The world is getting smaller - and in a lot of ways that's good news. To read American newspapers, though, you might not know it. Next time on To the Best of Our Knowledge, the foreign stories U.S. editors ignore. Also, what happens when business goes global. And the world- wide fallout from Chernobyl.
Barry Shelby, senior editor of World Press Review, tells Steve Paulson that American editors counted no news from abroad among their top ten stories of 1996 and says that it's in our interest to become better informed about global affairs.SEGMENT 2:
Medea Benjamin is executive director of Global Exchange, a non-profit organization that promotes fair trade around the world. She tells Judith Strasser about her recent investigations of the athletic shoe industry in Asia and explains how American consumers are forcing multi- nationals to behave responsibly. Benjamin is the author of "Don't Be Afraid, Gringo." Listeners who want to know more about Global Exchange can call 800-497-1994. Also, Serguei Martynov, Belorusian Ambassador to the United States, and Christian Narkiewicz-Laine, curator at the Chicago Athenaeum and organizer of an exhibit of children's drawings called "The Children of Chernobyl," tell Judith Strasser about the on-going and devastating effects of the nuclear explosion at Chernobyl on neighboring Belorus, making the point that radiation recognizes no boundaries.SEGMENT 3:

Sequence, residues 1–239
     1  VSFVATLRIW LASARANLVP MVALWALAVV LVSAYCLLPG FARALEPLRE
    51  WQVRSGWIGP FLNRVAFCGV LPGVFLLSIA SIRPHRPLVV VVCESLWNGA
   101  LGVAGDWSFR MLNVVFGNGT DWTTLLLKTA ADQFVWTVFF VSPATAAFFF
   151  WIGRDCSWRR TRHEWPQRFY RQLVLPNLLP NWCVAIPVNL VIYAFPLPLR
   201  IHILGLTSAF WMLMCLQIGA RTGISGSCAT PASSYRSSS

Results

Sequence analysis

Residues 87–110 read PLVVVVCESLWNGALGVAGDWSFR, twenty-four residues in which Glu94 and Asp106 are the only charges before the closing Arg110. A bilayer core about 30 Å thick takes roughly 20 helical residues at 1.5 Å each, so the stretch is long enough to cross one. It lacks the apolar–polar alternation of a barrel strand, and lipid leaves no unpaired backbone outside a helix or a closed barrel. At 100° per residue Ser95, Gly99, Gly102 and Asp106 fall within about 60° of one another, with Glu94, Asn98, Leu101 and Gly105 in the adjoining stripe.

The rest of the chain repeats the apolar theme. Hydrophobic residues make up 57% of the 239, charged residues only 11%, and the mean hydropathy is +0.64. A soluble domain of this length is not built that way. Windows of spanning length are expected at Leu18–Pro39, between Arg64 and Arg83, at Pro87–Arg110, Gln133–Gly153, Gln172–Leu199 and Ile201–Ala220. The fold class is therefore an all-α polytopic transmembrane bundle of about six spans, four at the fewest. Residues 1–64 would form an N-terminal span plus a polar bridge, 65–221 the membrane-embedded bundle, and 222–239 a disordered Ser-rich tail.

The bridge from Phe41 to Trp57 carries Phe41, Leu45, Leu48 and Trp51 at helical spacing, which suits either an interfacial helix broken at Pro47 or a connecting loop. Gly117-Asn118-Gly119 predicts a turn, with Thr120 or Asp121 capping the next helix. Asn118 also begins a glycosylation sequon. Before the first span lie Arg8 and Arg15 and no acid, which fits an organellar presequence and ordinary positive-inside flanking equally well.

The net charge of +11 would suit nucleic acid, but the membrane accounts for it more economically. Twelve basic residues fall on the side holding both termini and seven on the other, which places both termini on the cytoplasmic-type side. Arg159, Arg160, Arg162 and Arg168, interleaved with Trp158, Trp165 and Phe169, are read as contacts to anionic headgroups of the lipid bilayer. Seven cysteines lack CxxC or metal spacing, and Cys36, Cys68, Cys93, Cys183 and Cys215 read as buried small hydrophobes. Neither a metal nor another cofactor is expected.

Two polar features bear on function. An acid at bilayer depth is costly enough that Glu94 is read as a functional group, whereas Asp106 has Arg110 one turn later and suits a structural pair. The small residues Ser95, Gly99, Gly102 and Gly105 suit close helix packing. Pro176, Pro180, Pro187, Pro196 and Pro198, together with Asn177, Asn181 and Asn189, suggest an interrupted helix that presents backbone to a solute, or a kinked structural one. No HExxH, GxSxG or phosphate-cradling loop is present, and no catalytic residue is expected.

Columbia University musicologist Timothy Taylor is working on a book called "Global Pop." He talks with Jim Fleming about the world music phenomenon and the dilemmas it creates both for the industry and the musicians.
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